PyLan a GTD todo application written in python and PyGTK – part two

March 11th, 2007

PyLan two

This is part two of the PyLan tutorial series, if you want to follow along with the code in detail, and have not done so already, you should read part one of this series.

In this tutorial I will go over the following items:

This tutorial is organized into the following sections:

  1. The GUI
  2. The todo.Task Object
  3. Adding a todo.Task object
  4. Showing the Calendar window
  5. Editing todo.Category and todo.Task items
  6. Pango markup in the gtk.TreeView
  7. Conclusion

Python GTD pyGTK

You can download the full source to this tutorial here.

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PyLan a GTD todo application written in python and PyGTK – part one

February 17th, 2007

Introduction

All right, many of you have probably heard of, or read, David Allen’s book Getting Things Done if not it’s a pretty interesting book about how to organize the things in your life.

As I was reading it I thought that a simple todo list could be created using Python and PyGTK pretty easily, so I decided to create the application and write a tutorial surrounding it. Since the actual application is quite large I have decided to break it up into a series of tutorials, each highlighting a few specific tasks. The full goal of this series is to show everything that is required when creating a python/PyGTK based application, for the GUI setup all the way to distribution.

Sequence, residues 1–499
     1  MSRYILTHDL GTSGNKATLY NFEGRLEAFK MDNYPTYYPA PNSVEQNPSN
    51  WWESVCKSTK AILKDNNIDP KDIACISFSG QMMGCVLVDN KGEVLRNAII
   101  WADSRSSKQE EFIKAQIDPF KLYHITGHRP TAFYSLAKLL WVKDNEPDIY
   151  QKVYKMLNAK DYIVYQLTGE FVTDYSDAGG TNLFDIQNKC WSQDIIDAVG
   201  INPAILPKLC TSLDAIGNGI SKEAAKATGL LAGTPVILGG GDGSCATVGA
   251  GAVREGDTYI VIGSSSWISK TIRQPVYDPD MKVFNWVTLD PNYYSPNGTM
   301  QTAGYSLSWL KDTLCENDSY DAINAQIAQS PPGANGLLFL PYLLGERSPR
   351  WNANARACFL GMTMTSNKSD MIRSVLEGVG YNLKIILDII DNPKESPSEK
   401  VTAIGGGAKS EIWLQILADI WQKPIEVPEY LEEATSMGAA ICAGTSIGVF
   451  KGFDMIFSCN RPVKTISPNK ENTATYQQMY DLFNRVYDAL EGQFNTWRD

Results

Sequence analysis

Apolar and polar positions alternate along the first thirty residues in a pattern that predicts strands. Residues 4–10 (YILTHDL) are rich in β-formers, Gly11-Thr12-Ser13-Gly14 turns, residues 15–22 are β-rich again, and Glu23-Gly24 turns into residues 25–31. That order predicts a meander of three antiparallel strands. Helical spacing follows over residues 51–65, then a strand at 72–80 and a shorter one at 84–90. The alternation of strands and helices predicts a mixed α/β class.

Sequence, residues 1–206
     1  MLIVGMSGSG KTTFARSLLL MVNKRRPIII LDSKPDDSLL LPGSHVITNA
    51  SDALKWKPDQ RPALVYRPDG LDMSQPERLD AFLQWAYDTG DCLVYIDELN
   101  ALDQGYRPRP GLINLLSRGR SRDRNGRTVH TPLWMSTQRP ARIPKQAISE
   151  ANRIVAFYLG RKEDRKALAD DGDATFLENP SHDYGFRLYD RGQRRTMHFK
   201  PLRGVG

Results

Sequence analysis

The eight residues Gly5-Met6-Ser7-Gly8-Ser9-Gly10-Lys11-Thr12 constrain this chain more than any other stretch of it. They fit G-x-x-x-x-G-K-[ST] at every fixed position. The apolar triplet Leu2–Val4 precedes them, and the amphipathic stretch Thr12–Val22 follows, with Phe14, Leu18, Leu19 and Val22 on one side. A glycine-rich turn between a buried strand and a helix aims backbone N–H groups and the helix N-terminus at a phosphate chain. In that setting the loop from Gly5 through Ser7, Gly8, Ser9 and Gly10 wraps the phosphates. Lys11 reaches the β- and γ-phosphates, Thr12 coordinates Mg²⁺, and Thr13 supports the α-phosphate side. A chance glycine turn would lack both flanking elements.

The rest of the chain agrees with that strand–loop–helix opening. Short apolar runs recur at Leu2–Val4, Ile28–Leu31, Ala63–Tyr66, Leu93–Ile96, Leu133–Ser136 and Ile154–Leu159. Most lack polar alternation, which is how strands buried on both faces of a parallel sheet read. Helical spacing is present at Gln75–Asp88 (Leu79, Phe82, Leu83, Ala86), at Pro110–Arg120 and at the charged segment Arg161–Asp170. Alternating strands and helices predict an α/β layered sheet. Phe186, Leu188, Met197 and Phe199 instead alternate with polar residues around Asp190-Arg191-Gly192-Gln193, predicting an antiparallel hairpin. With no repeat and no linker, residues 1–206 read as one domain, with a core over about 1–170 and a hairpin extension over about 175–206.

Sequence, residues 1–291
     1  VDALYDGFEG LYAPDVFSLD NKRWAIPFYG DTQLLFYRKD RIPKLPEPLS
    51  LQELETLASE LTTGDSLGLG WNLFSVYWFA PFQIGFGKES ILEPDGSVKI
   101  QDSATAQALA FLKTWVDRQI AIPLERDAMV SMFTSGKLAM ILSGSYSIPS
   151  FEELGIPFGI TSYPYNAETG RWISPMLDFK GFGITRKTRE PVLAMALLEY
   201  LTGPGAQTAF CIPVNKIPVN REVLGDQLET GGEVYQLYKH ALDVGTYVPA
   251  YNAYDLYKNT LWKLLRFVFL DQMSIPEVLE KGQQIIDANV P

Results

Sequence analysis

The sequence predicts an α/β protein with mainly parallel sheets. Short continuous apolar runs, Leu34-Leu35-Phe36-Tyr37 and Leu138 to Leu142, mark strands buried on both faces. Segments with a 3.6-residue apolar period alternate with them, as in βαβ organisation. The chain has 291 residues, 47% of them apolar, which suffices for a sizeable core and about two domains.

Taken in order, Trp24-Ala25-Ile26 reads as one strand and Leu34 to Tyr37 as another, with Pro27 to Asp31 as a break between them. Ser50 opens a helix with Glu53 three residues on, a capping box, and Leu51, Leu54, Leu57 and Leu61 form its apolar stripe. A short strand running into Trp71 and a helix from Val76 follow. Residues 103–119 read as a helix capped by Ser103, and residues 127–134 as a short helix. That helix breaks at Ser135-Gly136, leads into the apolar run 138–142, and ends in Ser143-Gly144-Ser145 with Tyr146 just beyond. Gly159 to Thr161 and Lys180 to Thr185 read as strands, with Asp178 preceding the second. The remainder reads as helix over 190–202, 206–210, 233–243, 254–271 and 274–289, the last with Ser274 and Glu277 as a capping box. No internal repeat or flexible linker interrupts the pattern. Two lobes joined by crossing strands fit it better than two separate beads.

These tutorials assume that you have a basic knowledge of python and PyGTK. If you have not already done so it is recommended that you take a look at some of my previous PyGTK based tutorials as I will be glossing over much of that which is explained there:

PyLan – part one